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War of technologies in California speeding case

Parents of a teen driver use data from a GPS vehicular tracking device to fight a speeding charge based on radar guns.

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A California speeding ticket case to be decided in coming weeks puts a new twist on the age-old cops versus drivers battle, pitting police radar against personal GPS tracking devices.

The case, which is drawing national attention, revolves around 17-year-old Shaun Malone, who in 2007 was clocked by a Petaluma, Calif., police officer going over 62 m.p.h. in a 45 m.p.h. zone. He was found guilty and fined $194. But Shaun's parents contested the ticket, citing data from the satellite tracking device they had installed in their son's car and expert testimony.

The tracking device showed that Shaun was traveling at 45 m.p.h. when the officer stopped him. The data were automatically downloaded into the parents' computer.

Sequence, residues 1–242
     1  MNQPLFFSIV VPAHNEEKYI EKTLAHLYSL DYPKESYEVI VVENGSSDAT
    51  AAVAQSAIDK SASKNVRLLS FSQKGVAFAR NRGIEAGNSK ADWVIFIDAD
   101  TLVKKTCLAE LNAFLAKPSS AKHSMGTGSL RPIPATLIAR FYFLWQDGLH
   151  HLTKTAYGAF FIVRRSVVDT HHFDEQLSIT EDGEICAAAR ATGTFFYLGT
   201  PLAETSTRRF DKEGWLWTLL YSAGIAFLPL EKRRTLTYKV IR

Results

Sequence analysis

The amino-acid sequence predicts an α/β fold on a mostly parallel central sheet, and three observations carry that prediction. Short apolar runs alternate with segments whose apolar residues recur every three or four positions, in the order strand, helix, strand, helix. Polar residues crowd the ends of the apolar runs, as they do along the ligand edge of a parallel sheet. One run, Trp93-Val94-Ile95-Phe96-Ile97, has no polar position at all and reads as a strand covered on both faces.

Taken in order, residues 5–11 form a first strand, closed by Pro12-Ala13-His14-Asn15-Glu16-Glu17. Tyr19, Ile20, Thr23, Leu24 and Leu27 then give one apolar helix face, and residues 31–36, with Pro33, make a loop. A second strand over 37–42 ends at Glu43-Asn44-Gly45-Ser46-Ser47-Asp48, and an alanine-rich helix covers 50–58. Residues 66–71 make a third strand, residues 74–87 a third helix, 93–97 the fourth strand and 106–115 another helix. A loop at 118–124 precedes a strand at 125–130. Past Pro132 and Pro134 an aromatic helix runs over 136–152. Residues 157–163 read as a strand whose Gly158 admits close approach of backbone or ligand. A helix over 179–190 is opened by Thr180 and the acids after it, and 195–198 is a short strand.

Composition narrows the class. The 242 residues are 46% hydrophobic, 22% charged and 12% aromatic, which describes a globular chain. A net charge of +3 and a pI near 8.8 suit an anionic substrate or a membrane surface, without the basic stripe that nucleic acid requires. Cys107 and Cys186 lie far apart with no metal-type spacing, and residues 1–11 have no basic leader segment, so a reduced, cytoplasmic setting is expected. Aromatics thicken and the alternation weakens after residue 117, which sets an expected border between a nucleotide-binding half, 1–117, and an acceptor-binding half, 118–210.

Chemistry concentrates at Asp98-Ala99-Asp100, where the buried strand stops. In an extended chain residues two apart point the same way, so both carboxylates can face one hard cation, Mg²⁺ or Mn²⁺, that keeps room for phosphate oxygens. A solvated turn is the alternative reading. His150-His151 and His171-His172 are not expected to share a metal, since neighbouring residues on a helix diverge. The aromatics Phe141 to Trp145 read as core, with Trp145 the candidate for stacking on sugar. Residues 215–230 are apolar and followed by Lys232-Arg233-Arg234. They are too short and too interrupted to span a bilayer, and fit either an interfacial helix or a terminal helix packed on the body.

"The speeding ticket – fear of getting one, how to fight one – is such a ubiquitous concern in American culture that this case is extremely interesting and could produce a compelling outcome," says Daniel Filler, senior associate dean for academic and faculty affairs at Drexel University's Earle Mack School of Law in Philadelphia.

Radar versus GPS

By all accounts, the legal case has been a war of experts and technologies. Petaluma police produced their radar evidence. The defense argued that the readings could have been derailed by human error or interference from road signs and passing trucks.

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